While being an aspir­ing Busi­ness Major, I couldn’t see the real con­nec­tion of where an anthro­pol­ogy based cur­ricu­lum would sat­isfy any of my pro­gram require­ments. It didn’t seem ratio­nal either to invest time, money, and prepa­ra­tion into a pro­gram that didn’t ben­e­fit my long term aca­d­e­mic goals. But, as this pro­gram is a pic­ture per­fect rep­re­sen­ta­tion of my pas­sion, being a class on the cul­ture and pol­i­tics behind food, I knew there must be a pli­able con­nec­tion I could make to pur­sue this amaz­ing oppor­tu­nity. And for­tu­nately, after doing fur­ther research into the kinds of pre­req­ui­sites required for a degree in busi­ness I found that this course could actu­ally sat­isfy my nec­es­sary higher level elec­tive require­ments! After hav­ing the con­ver­sa­tion with my aca­d­e­mic adviser, my dream of trav­el­ing to Italy was finally com­ing true!


After con­firm­ing my com­mit­ment to pur­sue the pro­gram I was so happy to see that it was pos­si­ble to con­nect my pas­sion for food to my aca­d­e­mic career. The thought of apply­ing for the pro­gram became even more fea­si­ble after this real­iza­tion! By hav­ing a solid con­nec­tion of how my long term life goals applied to the topic of this course, I had no prob­lem answer­ing the extended essay ques­tions of the appli­ca­tion, request­ing let­ters of rec­om­men­da­tions, or explain­ing to my Boss, Chef Lynn Tran why I needed to take two months off of work! Luck­ily, each of my advis­ers, whether it was aca­d­e­mic or pro­fes­sional, was more than help­ful in facil­i­tat­ing the process of apply­ing. They offered words of advice and sug­ges­tions as I began to wrap my head around the idea of trav­el­ing so far away. Along with work­ing closely with my advis­ers, I found that my most valu­able resource was the pro­gram direc­tor, Dr. Ann Anag­nost. After cor­re­spond­ing via email for many weeks, I was able to form a con­nec­tion with her where I real­ized we had very sim­i­lar philoso­phies around food. This con­nec­tion became so help­ful as my ques­tions arose about the pro­gram itself and what we would be doing to help bet­ter my under­stand­ing my con­nec­tion between cul­ture and food. By hav­ing so many assets at my fin­ger­tips to help guide myself through the adven­tures that lay ahead with study­ing abroad, I feel con­fi­dent into set­ting out on my journey!

Taste of Italy

Blog by James Ander­son, UW Both­ell Busi­ness Major, Study Abroad–Italy

As my upcom­ing trip to Italy will be full of invig­o­rat­ing tastes, expe­ri­ences, and mem­o­ries, I am begin­ning to become ecsta­tic with the per­spec­tive that I will gain from my time abroad. I’m pos­i­tive it will for­ever change my views of cul­ture and, more impor­tantly, of cui­sine. But why do I have such a strong aspi­ra­tion to travel half way around the globe to pur­sue such an odyssey?  Well, let’s take a look back to see how this all began. My inter­est in cook­ing started at a very young age. I remem­ber wak­ing up one morn­ing when I had to have only been about 8 years old and see­ing there was noth­ing to eat in the house. Doing what any man would do at any age, the first thing I did was grab the bacon out of the fridge, and the rest was history.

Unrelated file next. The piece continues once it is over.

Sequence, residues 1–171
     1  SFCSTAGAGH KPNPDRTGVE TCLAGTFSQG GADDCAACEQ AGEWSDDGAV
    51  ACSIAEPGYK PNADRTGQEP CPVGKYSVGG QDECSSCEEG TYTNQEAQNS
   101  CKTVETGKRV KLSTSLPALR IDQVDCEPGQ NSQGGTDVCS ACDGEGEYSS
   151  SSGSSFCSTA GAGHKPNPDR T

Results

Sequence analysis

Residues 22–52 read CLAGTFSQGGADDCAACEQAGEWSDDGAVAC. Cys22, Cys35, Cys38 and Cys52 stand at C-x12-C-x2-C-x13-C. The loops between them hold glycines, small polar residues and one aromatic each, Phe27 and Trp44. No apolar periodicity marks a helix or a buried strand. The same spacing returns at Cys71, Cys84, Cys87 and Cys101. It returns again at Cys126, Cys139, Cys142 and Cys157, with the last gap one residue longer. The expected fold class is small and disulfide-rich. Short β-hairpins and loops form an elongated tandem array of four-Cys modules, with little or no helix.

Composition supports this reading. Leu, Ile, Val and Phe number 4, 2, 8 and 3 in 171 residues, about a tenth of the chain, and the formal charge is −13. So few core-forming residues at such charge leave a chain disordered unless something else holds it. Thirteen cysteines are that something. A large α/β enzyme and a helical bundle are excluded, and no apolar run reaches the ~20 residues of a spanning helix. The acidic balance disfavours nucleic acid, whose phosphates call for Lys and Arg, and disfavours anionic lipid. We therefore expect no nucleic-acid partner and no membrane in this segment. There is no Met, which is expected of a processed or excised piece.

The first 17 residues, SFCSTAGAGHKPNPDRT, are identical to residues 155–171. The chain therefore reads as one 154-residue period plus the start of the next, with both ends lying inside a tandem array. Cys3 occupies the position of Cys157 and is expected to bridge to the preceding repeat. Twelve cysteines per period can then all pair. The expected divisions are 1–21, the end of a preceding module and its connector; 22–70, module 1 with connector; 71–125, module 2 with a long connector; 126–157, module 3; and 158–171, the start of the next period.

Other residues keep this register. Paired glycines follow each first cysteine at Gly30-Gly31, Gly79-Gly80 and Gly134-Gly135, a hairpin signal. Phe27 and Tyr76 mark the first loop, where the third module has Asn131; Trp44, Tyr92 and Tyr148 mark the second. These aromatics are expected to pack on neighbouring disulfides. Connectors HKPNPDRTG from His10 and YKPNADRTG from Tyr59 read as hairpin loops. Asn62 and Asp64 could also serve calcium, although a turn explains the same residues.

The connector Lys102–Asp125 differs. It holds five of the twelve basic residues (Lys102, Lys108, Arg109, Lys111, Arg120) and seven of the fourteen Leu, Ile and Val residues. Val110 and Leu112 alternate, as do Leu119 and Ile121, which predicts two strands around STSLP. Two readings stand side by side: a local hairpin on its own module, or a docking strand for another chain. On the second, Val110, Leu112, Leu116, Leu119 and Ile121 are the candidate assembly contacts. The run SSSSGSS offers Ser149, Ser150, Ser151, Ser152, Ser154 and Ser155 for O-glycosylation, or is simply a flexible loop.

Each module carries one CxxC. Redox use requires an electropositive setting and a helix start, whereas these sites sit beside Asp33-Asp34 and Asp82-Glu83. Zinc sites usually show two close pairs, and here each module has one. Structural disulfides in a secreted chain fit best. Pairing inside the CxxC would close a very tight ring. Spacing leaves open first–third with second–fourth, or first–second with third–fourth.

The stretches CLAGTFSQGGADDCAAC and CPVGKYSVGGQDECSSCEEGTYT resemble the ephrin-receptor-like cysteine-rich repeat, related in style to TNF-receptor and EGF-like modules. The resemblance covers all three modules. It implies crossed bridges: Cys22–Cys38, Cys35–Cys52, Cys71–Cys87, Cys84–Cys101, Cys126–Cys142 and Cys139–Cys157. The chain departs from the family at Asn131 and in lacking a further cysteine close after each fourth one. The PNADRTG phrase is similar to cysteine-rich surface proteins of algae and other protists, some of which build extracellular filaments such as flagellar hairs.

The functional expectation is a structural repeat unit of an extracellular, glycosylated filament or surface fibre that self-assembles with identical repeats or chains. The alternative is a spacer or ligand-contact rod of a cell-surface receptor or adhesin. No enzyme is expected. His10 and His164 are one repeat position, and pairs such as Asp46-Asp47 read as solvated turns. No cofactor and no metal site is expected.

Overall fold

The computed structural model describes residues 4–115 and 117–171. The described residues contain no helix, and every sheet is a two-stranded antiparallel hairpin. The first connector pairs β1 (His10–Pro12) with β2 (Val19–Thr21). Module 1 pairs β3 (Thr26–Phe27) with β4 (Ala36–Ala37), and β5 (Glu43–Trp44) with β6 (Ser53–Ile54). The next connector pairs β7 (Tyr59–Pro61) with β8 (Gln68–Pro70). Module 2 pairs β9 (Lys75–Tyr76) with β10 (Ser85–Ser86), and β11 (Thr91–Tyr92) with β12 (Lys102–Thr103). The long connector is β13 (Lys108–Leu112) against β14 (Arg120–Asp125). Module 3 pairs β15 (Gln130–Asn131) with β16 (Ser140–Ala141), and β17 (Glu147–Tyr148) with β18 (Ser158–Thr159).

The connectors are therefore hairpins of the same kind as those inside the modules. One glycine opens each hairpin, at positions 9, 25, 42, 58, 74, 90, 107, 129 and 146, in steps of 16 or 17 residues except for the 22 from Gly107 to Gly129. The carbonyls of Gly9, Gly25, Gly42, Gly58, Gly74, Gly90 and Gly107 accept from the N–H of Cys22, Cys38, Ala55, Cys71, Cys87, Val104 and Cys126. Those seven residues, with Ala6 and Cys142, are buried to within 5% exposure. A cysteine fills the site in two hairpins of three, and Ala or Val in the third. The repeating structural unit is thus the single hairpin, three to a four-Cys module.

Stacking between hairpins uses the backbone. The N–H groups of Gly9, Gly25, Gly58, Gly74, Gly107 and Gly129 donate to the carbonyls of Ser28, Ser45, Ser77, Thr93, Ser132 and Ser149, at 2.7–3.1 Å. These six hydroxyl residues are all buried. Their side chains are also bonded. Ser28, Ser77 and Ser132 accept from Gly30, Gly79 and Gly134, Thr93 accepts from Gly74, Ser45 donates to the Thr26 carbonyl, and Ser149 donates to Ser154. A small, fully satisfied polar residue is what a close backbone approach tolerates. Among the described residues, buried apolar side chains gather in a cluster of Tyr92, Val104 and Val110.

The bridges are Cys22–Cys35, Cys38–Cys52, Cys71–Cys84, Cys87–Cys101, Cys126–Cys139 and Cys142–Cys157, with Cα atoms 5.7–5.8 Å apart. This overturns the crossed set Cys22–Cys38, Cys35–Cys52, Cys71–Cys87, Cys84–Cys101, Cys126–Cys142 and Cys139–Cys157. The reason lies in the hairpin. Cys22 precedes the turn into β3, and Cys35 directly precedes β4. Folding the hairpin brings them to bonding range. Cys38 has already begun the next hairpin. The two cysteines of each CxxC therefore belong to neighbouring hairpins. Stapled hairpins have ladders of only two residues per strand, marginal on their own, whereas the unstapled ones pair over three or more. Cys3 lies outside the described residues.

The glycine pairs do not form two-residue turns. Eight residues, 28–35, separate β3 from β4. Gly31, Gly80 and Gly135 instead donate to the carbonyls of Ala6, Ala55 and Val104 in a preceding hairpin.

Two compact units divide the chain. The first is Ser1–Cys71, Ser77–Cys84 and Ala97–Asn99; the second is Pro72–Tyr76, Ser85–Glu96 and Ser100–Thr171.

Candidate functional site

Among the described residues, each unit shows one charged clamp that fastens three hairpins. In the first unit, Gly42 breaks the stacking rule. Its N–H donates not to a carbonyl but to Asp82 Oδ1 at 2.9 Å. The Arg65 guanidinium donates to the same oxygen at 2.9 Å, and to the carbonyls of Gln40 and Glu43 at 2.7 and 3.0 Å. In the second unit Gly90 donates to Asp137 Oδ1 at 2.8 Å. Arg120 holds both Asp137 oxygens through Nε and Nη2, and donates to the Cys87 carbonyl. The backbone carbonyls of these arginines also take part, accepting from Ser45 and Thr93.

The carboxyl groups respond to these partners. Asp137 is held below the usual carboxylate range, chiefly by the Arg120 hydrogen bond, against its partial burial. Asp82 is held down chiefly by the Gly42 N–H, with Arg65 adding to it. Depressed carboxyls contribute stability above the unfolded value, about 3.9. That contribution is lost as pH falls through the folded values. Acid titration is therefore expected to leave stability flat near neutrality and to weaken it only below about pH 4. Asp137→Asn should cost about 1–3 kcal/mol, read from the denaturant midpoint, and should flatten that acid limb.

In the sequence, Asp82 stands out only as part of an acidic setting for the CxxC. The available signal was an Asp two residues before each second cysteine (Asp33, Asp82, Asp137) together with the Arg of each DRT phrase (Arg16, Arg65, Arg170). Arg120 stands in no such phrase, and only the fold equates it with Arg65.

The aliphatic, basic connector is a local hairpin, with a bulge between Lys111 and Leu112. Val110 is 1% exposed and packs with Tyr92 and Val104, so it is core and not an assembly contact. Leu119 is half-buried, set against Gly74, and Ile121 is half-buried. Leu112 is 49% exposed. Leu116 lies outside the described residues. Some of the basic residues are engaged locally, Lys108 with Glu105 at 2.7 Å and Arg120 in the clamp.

Over the past decade I have pas­sion­ately strived to learn as much as pos­si­ble about cook­ing and more so any aspect of food. By watch­ing the Food Net­work reli­giously, exper­i­ment­ing with new recipes, and even­tu­ally appren­tic­ing in some of the best restau­rants in the Seat­tle area, I began to scaf­fold the means nec­es­sary to solid­ify my pas­sion of prepar­ing and shar­ing food with oth­ers. By being for­tu­nate enough to work under some of the most rec­og­nized chefs in Seat­tle, I am not only able to ful­fill my pas­sion for cook­ing on a daily basis, but I am also able to inte­grate the expe­ri­ence I have gained from work­ing into my col­lege education.

As I began my fresh­man year at UWB, pur­su­ing a degree in busi­ness, I chose classes where I could con­tinue to incor­po­rate my pas­sion for food into my edu­ca­tion. By par­tic­i­pat­ing in the Dis­cov­ery Core I and II classes, focused around two of my favorite goods, choco­late and cof­fee, I was thrilled to see how UW Both­ell was able to use such unlikely medi­ums to study socioe­co­nom­ics, com­mod­i­fi­ca­tion, and the cul­tural sig­nif­i­cance behind my two of my favorite ingre­di­ents! Plus, what other uni­ver­sity would have a pro­fes­sional choco­late tast­ing fes­ti­val as a final project?!

By par­tic­i­pat­ing in these classes I was not only earn­ing applic­a­ble credit, but I was mak­ing real world con­nec­tions with both my pro­fes­sors and local ven­dors who expressed huge amounts of inter­est in aid­ing me though out my culi­nary endeav­ors. These con­nec­tions that I began to make through­out fresh­man year are so impor­tant because they were allow­ing me to estab­lish my name with pro­fes­sion­als in var­i­ous indus­tries at such an early age. And by hav­ing these pro­fes­sion­als rec­og­nize a young adult as being tena­cious and pas­sion­ate about their field of inter­est, I feel as if I am set­ting myself up for enor­mous opportunity.

By see­ing how oppor­tu­nity was just around the cor­ner at UW Both­ell, I was thirsty for more. As I con­tin­ued through fresh­man year, I had always heard about study abroad through the Uni­ver­sity of Wash­ing­ton, but I never thought it was so read­ily acces­si­ble, espe­cially to fresh­men. As I began to start the con­ver­sa­tions with my pro­fes­sors, aca­d­e­mic advis­ers, and peers I slowly became more deter­mined  to seek out how I could pur­sue trav­el­ing abroad to quench my thirst for expand­ing my culi­nary repertoire.